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Thread: why 6' apart

  1. #1
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    why 6' apart

    why is it that the 2nd ground rod has to be spaced six feet from the first?

  2. #2
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    Quote Originally Posted by jayrush13
    why is it that the 2nd ground rod has to be spaced six feet from the first?
    Lets be clear, it does not have to be spaced 6' from the first, it must be at least 6' from the first, they could be 20' apart.

    The reason they have to be at least 6' apart is because the closer they are together the less effective the second rod is.

    If you placed them side by side the second rod would do almost nothing.

    I believe this is due to the resistance of the soil.

  3. #3
    Join Date
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    I agree with Bob 6' is a minimun . Two times the length of the rod would be better.
    From;


    Bringing Grounding Down to Earth

    Don't let the rules and requirements intimidate you. Grounding isn't as mysterious
    as you might think.

    By Tim Janof, P.E.

    (published in EC&M, February 2005)
    ....The Code requires you to space rods
    at least 6 feet apart [250.53(B)]. However,
    this spacing is a minimum
    and far from
    ideal. When using the typical 8-foot or 10-
    foot ground rod, you get the best results by
    spacing the rods at least 16 or 20 feet apart,
    respectively. This is much greater than the
    Code minimum 6-foot spacing.
    Ground rods spaced less than two
    rod-lengths apart will interfere with each
    other because their effective resistance areas
    will overlap (Figure 2A). For reference, see
    IEEE-142 and Soares Book on Grounding.
    The overlap increases the net resistance of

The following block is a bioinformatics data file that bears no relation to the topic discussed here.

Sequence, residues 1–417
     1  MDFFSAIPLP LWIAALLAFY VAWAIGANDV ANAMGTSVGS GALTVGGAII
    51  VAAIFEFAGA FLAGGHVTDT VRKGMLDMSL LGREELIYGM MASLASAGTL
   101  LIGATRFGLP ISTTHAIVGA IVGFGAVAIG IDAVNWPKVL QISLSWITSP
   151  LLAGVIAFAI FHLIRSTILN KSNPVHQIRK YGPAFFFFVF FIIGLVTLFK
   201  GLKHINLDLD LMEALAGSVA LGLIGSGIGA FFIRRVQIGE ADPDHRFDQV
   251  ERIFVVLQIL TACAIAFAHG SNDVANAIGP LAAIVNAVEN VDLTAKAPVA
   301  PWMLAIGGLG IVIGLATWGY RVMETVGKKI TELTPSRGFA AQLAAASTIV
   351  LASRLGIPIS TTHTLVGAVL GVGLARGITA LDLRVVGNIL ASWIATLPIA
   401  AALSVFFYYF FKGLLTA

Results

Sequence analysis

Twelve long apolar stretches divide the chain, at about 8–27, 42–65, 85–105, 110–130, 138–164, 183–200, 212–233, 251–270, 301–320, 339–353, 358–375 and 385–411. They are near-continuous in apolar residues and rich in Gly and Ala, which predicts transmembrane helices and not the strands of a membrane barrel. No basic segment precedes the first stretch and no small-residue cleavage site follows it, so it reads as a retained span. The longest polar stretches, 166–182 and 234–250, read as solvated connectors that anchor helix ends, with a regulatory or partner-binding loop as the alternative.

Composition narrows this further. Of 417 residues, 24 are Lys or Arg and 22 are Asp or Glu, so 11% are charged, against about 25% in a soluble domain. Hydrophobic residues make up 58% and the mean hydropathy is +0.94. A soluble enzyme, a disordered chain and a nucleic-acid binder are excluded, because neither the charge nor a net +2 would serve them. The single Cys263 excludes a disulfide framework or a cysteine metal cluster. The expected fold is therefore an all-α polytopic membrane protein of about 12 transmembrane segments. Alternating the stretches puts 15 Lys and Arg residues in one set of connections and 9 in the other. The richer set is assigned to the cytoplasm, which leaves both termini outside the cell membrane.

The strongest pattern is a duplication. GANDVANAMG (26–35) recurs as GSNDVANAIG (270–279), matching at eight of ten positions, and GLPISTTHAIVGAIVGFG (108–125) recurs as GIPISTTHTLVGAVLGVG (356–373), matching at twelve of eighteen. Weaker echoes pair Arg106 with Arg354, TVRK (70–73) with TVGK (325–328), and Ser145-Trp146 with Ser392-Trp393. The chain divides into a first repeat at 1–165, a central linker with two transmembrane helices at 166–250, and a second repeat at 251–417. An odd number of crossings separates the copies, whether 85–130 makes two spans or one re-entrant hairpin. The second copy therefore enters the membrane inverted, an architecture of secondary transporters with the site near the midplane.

each rod, making the grounding electrode
    system less effective than if the rods were
    spaced farther apart (Figure 2b)......

    "America will never be destroyed from the outside.
    If we falter and lose our freedoms,
    it will be because we destroyed ourselves."

    Abraham Lincoln

  4. #4
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    Per A.4.13.2.4 of the NFPA 780, "No benefit is gained from the second ground rod if placed closer than the length of the longer rod. No additional benefit is gained if the second rod is placed over four times the length of the longer rod."
    Bryan P. Holland, MCP

  5. #5
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    When current flows through the rod, it creates "spheres of influence" in the soil. If the spheres of influence touch each other, it effectively makes both rods as one. There are other variables, but that is generally the reason why the rods actually should be apart from each other at least the length of the longest rod as Bryan pointed out.
    Instructor, Industry Advocate

  6. #6
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    Because the Code making panel likes even numbers otherwise it would have been 7 feet.
    Brian John
    Leesburg, VA

  7. #7
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    6 ft is a number that is used a lot in the NEC. distance from a sink, maximum length of flex w/o EGC, maximum length of bonding jumper.
    At some time, long ago, someone figured this all out.
    Moderator-Washington State
    Ancora Imparo

  8. #8
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    Tom

    Are you saying the CMP actually figured out 6' was a minimum effective distance or that 6' was a nice sounding number that works in a variety of instances.
    Brian John
    Leesburg, VA

  9. #9
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    Quote Originally Posted by tom baker
    6 ft is a number that is used a lot in the NEC. distance from a sink, maximum length of flex w/o EGC, maximum length of bonding jumper.
    At some time, long ago, someone figured this all out.

    ...in a land far, far away!!! :grin:
    Instructor, Industry Advocate

  10. #10
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    They where sitting in a meeting and one of them stretched their hands as far apart as possible and said "How 'bout this far"?

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